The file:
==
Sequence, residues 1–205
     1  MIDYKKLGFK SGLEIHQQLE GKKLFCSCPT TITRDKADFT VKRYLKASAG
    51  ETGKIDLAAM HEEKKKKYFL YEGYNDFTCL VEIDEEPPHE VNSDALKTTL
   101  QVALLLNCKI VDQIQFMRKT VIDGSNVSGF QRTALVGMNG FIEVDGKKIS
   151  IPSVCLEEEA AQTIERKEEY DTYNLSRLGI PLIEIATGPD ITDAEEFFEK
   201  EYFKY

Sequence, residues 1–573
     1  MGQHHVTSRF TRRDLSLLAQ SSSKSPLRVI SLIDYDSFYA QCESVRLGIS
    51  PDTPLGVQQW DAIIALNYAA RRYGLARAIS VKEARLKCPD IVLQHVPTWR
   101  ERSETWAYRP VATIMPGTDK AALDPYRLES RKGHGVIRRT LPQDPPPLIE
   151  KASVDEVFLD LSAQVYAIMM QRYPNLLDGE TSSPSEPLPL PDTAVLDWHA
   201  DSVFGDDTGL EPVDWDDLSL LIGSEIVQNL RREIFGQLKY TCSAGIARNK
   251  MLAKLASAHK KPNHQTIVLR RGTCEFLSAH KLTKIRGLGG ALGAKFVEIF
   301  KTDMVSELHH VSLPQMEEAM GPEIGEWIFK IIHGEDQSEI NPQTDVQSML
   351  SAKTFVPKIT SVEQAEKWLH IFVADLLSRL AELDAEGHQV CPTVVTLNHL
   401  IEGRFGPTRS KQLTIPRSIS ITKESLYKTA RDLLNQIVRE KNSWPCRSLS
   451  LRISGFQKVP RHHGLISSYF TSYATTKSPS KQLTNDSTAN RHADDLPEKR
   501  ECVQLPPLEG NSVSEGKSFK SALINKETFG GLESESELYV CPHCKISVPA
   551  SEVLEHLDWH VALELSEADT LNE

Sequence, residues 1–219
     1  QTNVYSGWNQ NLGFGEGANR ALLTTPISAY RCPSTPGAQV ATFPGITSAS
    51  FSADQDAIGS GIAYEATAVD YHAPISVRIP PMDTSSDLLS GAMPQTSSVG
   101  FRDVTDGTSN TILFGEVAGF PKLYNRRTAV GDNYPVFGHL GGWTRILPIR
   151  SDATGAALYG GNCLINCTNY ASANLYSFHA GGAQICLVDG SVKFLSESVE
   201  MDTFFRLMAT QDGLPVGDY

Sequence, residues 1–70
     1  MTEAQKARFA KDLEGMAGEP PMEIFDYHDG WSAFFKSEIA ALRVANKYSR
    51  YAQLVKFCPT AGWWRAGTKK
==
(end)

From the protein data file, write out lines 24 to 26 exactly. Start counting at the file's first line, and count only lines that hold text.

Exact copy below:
   151  SDATGAALYG GNCLINCTNY ASANLYSFHA GGAQICLVDG SVKFLSESVE
   201  MDTFFRLMAT QDGLPVGDY

Sequence, residues 1–70